New UN Report Shows That 220 Million People Are Using Cannabis Regularly

New UN Report Shows That 220 Million People Are Using Cannabis Regularly

The study indicates that marijuana is by far the most popular recreational drug worldwide despite it being illegal almost everywhere.

A new report released by the United Nations is shedding light on global substance use trends, and the findings are remarkable. According to numerous national and international media outlets, the UN’s latest "World Drug Report" for 2023 shows that in 2021, close to one in 17 individuals aged 15-64 participated in some form of drug use over that year-long period, an increase of 23% since 2011. 

That number and sizable increase in use set off some alarm bells for officials at the global peacekeeping organization. However, the statistic garnering the most attention centers on the dramatic global increase in cannabis consumption by adults. As detailed in the study, approximately 220 million adults engaged in cannabis consumption in 2021. That substantial number represents 4.3% of the entire global adult population.  

Along with the dramatic increase in marijuana use, the report also shows a significant shift in the gender dynamics observed in the market, most notably in North America. In the past, roughly 70% of cannabis consumers were men. However, recent trends are indicating that women now comprise 42% of cannabis users in North America. 

That change, as well as the overall increase in cannabis use, could have a massive impact on evolving societal perceptions of the plant and help change policies, guidelines, and regulations concerning cannabis’ legal status and future use. 

Much of that upward trajectory in global usage rates can be attributed to legalization initiatives taking place globally but with particular intensity and success in the United States. Since the states Colorado and Washington became the first two states to legalize adult-use cannabis, another 22 have joined their ranks, bringing the total to 24 states with a legal and regulated marijuana market.

While the booming cannabis industry can be seen as a net positive (from some perspectives) for the global drug use numbers, the report also highlights the devastating effects the opioid crisis has continued to inflict on individuals all over the planet. 

The study reflects the alarming surge in opioid-related incidents, particularly apparent in the U.S., where drug overdose deaths continue to reach unprecedented levels. According to the Centers for Disease Control and Prevention (CDC), in 2021, the number of deaths resulting from drug overdoses was over six times higher than in 1999, with 75% resulting from opioids.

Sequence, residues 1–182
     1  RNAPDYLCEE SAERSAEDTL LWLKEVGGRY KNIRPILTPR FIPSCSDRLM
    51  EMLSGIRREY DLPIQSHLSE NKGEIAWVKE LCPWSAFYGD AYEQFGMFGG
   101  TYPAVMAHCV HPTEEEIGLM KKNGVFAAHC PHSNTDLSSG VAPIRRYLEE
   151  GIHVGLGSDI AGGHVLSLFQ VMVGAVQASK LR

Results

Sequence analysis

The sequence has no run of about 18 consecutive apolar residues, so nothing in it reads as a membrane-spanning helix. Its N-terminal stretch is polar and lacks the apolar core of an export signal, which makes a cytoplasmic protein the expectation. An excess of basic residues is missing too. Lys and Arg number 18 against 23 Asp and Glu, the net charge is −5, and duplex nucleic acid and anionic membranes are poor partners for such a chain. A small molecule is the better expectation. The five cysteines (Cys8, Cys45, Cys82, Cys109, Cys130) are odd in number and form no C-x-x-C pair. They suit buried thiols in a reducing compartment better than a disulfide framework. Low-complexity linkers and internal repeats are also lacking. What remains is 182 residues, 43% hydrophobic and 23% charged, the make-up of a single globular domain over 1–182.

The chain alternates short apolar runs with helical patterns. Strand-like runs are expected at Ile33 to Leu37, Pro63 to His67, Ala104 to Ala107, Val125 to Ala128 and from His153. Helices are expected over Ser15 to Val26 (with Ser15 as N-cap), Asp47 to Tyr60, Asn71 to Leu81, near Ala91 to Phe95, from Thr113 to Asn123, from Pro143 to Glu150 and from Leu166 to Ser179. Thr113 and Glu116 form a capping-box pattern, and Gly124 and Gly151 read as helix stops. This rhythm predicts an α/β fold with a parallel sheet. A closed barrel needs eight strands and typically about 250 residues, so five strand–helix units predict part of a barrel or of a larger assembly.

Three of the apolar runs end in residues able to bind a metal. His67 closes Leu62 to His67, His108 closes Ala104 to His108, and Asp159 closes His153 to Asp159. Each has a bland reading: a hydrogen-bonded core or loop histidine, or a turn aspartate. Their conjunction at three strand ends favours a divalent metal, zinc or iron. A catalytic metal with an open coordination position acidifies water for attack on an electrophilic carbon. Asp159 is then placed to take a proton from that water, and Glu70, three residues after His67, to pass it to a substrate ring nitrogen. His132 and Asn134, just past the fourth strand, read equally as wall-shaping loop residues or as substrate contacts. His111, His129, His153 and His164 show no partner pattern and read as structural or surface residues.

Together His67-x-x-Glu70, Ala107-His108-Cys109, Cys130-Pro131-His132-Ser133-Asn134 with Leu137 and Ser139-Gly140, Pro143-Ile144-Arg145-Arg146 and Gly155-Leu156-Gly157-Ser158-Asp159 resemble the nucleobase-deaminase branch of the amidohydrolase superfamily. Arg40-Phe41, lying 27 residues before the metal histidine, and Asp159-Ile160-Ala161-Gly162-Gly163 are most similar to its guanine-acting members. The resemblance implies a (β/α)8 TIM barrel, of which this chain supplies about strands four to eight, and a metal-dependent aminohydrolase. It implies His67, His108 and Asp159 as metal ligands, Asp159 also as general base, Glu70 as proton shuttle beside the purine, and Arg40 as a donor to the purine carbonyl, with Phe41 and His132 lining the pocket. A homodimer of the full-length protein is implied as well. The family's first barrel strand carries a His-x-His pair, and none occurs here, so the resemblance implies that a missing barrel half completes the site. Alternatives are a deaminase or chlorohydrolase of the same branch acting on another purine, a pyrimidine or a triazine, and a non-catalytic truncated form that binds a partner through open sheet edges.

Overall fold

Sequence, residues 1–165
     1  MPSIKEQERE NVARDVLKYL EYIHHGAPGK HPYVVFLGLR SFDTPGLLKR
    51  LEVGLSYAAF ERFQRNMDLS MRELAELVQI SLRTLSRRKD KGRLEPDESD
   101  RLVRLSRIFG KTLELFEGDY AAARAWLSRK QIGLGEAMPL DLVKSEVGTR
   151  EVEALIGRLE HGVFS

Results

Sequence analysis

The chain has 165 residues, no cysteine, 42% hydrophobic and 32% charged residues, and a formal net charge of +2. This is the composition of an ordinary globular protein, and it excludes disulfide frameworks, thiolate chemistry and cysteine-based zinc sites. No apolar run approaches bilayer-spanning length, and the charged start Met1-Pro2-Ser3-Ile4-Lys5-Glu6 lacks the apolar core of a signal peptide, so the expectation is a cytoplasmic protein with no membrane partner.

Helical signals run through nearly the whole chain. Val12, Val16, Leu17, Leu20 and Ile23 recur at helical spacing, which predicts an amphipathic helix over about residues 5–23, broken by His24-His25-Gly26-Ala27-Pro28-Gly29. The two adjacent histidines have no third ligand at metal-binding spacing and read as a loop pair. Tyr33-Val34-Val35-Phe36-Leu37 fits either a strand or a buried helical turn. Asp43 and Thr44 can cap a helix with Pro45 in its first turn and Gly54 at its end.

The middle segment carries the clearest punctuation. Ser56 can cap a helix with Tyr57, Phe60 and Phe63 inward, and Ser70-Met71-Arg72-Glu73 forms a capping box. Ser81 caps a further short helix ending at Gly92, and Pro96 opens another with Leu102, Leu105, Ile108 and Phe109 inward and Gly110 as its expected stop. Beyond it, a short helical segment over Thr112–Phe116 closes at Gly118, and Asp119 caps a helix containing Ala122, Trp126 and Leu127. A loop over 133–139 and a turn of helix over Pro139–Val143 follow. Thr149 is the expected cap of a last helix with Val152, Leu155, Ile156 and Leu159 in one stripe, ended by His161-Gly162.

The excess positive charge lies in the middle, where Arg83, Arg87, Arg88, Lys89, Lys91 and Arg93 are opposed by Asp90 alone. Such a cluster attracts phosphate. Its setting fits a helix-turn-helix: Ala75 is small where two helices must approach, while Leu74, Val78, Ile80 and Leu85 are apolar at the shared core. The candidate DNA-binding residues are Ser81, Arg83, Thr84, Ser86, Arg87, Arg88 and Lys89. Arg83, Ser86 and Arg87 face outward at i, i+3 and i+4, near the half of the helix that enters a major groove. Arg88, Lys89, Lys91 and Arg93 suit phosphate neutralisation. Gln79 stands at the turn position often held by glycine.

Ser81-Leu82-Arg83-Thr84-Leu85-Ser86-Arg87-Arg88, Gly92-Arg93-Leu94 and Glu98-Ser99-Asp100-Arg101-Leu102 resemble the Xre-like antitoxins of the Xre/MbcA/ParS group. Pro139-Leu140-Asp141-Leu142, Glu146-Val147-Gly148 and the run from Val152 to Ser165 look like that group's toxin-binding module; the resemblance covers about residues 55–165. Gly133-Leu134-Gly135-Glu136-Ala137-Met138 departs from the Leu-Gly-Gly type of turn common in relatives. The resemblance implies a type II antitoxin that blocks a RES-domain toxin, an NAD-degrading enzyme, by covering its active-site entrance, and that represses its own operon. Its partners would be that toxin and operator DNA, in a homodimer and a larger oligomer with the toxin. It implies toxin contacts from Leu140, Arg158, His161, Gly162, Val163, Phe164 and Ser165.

The UN report similarly reflects the numbers calculated by the CDC. According to the study, approximately 60 million people took part in non-medical opioid use in 2021, with opiates, predominantly heroin, accounting for 31.5 million users. Opioids continue to be the leading cause of all fatal overdoses, contributing to nearly 70% of the 128,000 deaths attributed to drug use in 2019. Likewise, opioid use accounted for over 71% of the 18 million healthy years of life lost due to disability and premature death in that same year.

Overall, the report paints a rather dark and bleak picture regarding global drug use. However, the United Nations is a geopolitical watchdog organization with a myriad of hidden and not-so-hidden agendas, most of which come down against the spread of any drug use, plant-based or otherwise.

What is most interesting about the numbers is the simultaneous uptick in both cannabis and opioid use. Many researchers and plant medicine experts view cannabis as the perfect prescription for battling opioid addiction. Indeed, some clinical studies even suggest that the plant may help individuals with difficult-to-treat pain conditions.

One of those studies, led by Marcus Bachhuber at the Philadelphia Veterans Affairs Medical Center in Pennsylvania, examined death certificates in all 50 states between 1999 and 2010. They discovered that the annual death rates attributed to opioid overdoses were nearly 25% lower in states with some form of medical marijuana (1,729 fewer deaths in those states). In addition, the study found that the effect grew more substantial in the five to six-year period following the approval of a medical cannabis program.

Cannabis legalization advocates and most users of the plant have anecdotally related numerous experiences detailing the healing properties of marijuana as well as hemp-derived products like CBD. However, with marijuana still illegal at the federal level and listed as a Schedule I narcotic on the Controlled Substances List, researchers are severely hampered in their efforts to understand the true power and medical impact of cannabis in the United States.

Hopefully, reports like the one issued by the UN will continue to shine a light on not only the global addiction crisis but also on practical and legitimate solutions offered by plants like cannabis sativa. Not all drugs are created equal, and some are simply flowers with a regrettable and mischaracterized reputation. Here’s to clearing the air and healing.